Nissan XTerra Successor Probably Won't Come to the U.S., What Exactly Is Nissan Doing Right These Days?

Photos: Nissan

The Nissan Z is aging out without an announced replacement, the GT-R is older than God(zilla), and the XTerra died out in 2015. While all somewhat disappointing, don’t let your guard down for something like the promising body-on-frame 2018 Nissan Terra, a would-be successor to the XTerra, because it’s not coming stateside either.

At least, it’s most likely not coming to the U.S., as suggested by Hironori Awano, the chief engineer of the new Terra, via Automotive News.


The new Terra is a mid-size body-on-frame SUV that was engineered with emerging markets in mind, and it’s going on sale in China and South Asia. Because of that, it was never really made with consideration for us luxury-hungry Americans. As Autonews points out:

“Currently, that is out of our scope,” said Hironori Awano, chief vehicle engineer of the Terra, which went on sale this year in China and Southeast Asia.

Awano concedes certain aspects of the rugged, go-anywhere SUV are perfect for Americans.

“The size is very nice for the U.S. market,” he said last week at a briefing here at Nissan’s global technical center. It would also help Nissan tap Americans’ insatiable demand for utility vehicles.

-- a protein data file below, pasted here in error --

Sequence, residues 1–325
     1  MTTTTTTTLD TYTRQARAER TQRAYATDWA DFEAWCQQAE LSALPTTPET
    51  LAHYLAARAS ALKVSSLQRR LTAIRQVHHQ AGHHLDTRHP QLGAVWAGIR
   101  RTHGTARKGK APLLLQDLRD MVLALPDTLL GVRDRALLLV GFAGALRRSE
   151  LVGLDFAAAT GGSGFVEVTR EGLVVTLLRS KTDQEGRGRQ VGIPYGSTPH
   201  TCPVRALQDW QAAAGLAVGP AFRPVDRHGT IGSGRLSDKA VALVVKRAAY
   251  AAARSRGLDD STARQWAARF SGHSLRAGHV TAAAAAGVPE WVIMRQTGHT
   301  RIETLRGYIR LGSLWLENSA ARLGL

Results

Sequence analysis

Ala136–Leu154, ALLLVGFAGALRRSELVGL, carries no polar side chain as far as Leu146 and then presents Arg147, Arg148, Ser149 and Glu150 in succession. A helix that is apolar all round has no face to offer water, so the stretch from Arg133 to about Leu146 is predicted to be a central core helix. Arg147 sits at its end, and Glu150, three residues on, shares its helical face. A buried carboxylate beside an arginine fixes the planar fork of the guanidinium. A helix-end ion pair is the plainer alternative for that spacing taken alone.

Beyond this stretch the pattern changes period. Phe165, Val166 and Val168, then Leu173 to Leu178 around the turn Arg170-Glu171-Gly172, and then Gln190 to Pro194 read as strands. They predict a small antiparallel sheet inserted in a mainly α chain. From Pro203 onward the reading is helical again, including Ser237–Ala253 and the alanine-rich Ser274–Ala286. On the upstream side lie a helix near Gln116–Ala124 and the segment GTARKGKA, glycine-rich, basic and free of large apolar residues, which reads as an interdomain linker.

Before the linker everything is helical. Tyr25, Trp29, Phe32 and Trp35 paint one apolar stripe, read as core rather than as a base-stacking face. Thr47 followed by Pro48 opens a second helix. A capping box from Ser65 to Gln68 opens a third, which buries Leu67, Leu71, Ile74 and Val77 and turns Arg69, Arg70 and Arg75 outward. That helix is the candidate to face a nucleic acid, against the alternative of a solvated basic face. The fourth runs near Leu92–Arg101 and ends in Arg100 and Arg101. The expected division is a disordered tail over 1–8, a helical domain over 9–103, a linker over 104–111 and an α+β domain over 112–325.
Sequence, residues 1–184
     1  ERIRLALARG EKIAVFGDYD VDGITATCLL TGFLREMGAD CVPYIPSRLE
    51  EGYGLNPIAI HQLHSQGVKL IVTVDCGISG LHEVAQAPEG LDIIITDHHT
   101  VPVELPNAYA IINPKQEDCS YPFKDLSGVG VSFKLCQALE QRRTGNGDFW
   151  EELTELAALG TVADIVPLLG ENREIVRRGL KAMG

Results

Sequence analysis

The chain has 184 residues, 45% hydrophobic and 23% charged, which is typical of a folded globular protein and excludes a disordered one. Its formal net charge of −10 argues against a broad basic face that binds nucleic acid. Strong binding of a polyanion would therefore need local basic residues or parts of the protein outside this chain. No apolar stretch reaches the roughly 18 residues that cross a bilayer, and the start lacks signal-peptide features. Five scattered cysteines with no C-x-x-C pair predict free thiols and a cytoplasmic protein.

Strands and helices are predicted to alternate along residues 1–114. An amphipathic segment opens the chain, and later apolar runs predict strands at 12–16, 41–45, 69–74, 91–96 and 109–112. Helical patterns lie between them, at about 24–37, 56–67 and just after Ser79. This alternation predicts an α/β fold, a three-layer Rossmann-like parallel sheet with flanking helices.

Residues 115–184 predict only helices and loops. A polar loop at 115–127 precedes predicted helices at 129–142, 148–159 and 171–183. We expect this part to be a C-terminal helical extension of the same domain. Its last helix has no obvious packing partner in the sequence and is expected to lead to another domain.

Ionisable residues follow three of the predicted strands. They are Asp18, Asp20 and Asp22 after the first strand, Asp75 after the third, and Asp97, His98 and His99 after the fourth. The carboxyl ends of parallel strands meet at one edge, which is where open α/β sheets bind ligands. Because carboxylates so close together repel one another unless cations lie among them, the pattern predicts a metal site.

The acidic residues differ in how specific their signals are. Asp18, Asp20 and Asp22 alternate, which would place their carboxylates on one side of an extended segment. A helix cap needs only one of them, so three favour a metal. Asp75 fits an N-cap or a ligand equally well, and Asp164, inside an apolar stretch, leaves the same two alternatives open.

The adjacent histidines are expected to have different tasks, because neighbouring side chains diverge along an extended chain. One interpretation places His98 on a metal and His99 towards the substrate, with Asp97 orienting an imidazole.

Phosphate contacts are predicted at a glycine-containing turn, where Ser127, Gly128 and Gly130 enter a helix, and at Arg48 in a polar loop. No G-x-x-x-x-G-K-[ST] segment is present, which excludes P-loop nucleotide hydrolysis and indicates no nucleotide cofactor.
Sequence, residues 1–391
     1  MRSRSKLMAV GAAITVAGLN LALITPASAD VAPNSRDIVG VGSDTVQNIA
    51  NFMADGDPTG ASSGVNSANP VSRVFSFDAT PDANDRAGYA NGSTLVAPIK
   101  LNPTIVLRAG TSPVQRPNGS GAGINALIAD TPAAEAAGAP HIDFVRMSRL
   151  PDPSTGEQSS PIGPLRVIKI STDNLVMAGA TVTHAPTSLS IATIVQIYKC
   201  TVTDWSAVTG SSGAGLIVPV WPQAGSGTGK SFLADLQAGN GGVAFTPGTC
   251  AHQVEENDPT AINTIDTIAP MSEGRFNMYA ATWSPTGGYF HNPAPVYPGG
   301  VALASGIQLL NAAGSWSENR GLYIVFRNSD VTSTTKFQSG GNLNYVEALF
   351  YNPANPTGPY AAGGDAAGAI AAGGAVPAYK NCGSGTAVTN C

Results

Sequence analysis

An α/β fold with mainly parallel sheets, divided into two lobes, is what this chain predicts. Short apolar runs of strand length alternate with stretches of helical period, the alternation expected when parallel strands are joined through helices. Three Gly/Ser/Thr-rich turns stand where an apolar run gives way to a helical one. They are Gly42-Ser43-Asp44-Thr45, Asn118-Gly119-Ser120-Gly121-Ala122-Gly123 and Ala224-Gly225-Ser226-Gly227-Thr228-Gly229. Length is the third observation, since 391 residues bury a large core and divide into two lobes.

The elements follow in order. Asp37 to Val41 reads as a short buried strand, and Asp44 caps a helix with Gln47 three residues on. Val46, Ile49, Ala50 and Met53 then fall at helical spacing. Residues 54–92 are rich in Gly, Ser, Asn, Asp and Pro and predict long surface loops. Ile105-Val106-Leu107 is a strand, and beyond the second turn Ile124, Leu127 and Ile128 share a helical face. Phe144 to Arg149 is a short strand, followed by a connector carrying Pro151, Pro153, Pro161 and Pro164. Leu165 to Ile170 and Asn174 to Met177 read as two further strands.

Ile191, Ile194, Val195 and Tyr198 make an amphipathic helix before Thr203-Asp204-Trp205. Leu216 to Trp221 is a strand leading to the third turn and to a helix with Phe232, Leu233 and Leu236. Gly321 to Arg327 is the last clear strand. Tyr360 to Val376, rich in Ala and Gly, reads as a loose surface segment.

But safety requirements and other issues rule it out for now. “The U.S. market is one of the toughest, not just because of crash tests but also because of customer expectations,” he said.

A new Terra, if planned correctly, could have beat the upcoming Ford Bronco to the punch, and wiped the floor with whatever wagon Chevy happens to be calling the Blazer. It also would have provided a slightly more comfortable rival to the new Jeep Wrangler.


The original XTerra went on sale back in 1998, and caught on to the rapidly rising SUV craze back when things were allowed to seem a little cheap in return for practicality and ruggedness. But those days are gone, and the amount of work and money that would go into Americanizing the XTerra with luxury features and crash testing may not pay off. Nissan would also risk eating into sales of the full-size Armada, which it definitely doesn’t want to happen.

But the old XTerra shouldn’t just be remembered as numbers on a sheet, it was also a funky design with bright paintwork, it had a lever for the transfer case, and it was even available with a manual transmission. It was a real damn SUV, and it will be missed.


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